Some of the material I had studied while training for triathlon delved into longer distances, including Ironman and Half-Ironman events. I went back and reviewed those sections to see what amount of training I should expect to do. One source I especially liked was an article on Training Peaks by Nicole Drummer which stresses the need to cut back on the training load to avoid injury, and to shift endurance training from run to bike for the same reason. She offers these guidelines for Ironman and Half-Ironman longest day bike and run workouts:
Matt Fitzgerald recommends specifying short day runs by duration and long day runs by distance, as races are usually based on distances. To convert Drummer's recommendations into distances I would need to decide on a pace. At this point I am doing rough estimates, with an emphasis on slow-and-long, so I used conservative values that I have hit often in recent events, a 15:00 min/mile run pace and a 13 m.p.h. bike pace.
It was around this point that I realized I could start now on Half-Ironman training as the basis for my marathon training. I looked around to see if anyone else was doing this and could not find anything. If I do this it will be a voyage of exploration (cue Star Trek theme).
Many training sources advise increasing training load by no more than 5% per week. Since I do not currently train at Ironman levels I decided to treat them as goals and work backwards to see where I would need to start. I used twenty weeks as my timeline, the gap between the Tinman and the Honolulu Marathon. Here are the numbers for the Half-Ironman, reversed in time to simplify the spreadsheet formulas and using the midpoint of Drummer's ranges:
Those starting numbers -- 20 mile bike ride and 3 mile run -- fit easily into my current training load. Remember, these are not bricks. The long runs will be on Saturday, after a Friday rest day, and the long bike rides on Sunday. This lets me run on fresh legs, which reduces the risk of injury. With a reasonable starting point and a reasonable 5% per week rate of increase, I should get to Half-Ironman long day training volume in time for the marathon.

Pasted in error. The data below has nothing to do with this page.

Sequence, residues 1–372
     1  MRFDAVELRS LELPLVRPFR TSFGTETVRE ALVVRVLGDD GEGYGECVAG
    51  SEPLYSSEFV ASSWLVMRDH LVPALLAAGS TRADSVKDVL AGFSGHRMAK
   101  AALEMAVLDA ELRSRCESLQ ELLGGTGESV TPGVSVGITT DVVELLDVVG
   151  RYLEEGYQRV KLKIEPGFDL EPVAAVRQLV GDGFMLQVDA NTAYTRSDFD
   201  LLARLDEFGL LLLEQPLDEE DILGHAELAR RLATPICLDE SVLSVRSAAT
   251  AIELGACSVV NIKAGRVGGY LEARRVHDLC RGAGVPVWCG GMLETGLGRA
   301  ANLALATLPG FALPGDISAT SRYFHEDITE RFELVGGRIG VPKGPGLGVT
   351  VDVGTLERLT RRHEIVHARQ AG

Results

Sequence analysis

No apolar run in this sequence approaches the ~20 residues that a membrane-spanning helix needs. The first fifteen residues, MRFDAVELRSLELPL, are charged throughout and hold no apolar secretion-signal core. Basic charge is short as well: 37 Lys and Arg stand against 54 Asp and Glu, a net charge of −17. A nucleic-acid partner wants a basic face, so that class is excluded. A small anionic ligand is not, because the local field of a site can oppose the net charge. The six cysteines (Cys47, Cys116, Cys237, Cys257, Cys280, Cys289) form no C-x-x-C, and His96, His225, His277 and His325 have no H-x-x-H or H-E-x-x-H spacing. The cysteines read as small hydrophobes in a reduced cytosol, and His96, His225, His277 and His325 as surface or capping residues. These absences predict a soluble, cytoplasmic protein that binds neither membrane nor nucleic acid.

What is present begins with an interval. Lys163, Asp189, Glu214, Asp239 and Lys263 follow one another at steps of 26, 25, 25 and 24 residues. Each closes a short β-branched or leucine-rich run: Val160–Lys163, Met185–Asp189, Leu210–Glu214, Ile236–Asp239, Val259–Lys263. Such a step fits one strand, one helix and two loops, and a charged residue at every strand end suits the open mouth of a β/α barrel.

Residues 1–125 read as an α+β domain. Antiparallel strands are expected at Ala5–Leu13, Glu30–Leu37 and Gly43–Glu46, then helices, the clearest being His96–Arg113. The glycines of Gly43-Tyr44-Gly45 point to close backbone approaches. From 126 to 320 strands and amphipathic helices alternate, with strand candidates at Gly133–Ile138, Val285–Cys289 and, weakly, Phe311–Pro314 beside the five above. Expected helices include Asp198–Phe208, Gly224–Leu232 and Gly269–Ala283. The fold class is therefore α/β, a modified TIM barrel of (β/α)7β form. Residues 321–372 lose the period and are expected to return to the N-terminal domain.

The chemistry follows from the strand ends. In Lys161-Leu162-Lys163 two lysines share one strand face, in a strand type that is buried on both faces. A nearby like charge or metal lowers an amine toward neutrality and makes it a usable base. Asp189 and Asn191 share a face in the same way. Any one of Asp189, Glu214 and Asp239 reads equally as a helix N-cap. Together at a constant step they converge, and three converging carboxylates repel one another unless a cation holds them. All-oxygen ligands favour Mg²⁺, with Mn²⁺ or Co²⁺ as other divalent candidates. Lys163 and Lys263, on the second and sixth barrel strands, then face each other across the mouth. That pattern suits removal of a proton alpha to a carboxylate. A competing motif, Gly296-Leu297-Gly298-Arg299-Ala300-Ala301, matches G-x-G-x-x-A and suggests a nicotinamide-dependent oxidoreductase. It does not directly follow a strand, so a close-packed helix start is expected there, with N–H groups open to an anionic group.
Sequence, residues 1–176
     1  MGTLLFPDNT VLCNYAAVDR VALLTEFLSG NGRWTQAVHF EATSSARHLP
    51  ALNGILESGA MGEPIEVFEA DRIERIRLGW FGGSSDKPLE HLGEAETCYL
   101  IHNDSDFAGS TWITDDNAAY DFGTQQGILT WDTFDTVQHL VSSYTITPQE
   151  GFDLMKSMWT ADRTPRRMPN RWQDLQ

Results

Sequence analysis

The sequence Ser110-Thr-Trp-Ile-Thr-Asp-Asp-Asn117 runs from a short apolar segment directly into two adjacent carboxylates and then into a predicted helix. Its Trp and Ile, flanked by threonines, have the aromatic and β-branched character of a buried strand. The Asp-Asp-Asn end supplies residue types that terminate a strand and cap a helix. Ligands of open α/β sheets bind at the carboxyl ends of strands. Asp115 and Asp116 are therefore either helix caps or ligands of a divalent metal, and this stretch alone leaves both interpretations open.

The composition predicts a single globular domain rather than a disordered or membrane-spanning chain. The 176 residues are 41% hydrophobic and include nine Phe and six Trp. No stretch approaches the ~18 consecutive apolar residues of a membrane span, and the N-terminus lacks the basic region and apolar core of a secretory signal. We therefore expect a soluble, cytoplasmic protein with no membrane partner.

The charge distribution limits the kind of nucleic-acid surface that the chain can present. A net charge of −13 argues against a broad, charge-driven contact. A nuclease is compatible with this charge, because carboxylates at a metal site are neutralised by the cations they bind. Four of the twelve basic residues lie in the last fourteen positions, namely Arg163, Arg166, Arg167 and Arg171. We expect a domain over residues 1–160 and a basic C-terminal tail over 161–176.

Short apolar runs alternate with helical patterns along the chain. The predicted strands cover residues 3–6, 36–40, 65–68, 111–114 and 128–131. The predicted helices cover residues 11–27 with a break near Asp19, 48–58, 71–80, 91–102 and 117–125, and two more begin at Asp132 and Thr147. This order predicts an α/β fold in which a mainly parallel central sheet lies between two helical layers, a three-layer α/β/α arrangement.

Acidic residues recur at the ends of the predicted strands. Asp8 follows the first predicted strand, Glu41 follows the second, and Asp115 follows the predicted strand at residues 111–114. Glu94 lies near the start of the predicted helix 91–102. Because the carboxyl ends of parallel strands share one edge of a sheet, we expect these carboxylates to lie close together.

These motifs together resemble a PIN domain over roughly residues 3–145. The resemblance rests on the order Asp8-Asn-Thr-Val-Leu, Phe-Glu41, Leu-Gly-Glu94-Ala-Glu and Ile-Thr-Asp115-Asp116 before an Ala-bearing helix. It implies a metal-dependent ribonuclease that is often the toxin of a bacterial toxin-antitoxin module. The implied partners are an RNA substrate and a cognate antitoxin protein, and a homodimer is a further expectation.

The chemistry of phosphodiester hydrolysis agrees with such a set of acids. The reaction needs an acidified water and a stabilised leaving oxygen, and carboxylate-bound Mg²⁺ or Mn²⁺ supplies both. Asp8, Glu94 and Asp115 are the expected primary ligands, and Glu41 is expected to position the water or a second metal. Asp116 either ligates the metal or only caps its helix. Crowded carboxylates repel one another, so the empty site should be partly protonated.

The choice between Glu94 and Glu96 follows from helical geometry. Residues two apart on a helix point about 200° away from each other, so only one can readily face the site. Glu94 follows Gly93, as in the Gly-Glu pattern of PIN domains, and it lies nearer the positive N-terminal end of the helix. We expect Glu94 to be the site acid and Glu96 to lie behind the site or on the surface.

The Matt Fitzgerald marathon plan would have me running fifteen miles or more five times in the last ten weeks, including twenty miles in week fifteen and twenty-two miles in week seventeen. I know from experience such long runs will leave me worthless for the rest of the day. With my plan, most of the endurance strength and aerobic capacity gained on the bike will transfer to the run while keeping run distances manageable.
A twenty week training plan should not consist of a continuous increase in volume. The 5% rule is an overall guide. For best results the long climb in volume needs to be broken up by weeks of low volume, and there should be one or two peaks along the way. In the plan below I have added in volume reductions using the three week training cycle recommended for old guys like me. I also rounded off the values and arranged the columns in the correct order. Week 18 is a race simulator.
|Sat Run||Sun Bike|
This is not the finished product. Actually a plan like this is never finished, it changes to accommodate life's unpredictability. But I can already tell you that I have made changes, based on roughing in the weekly activities. More on that later. Today is the first day of week two of this plan. I hope I can get the run and bike done without being preempted by the weather.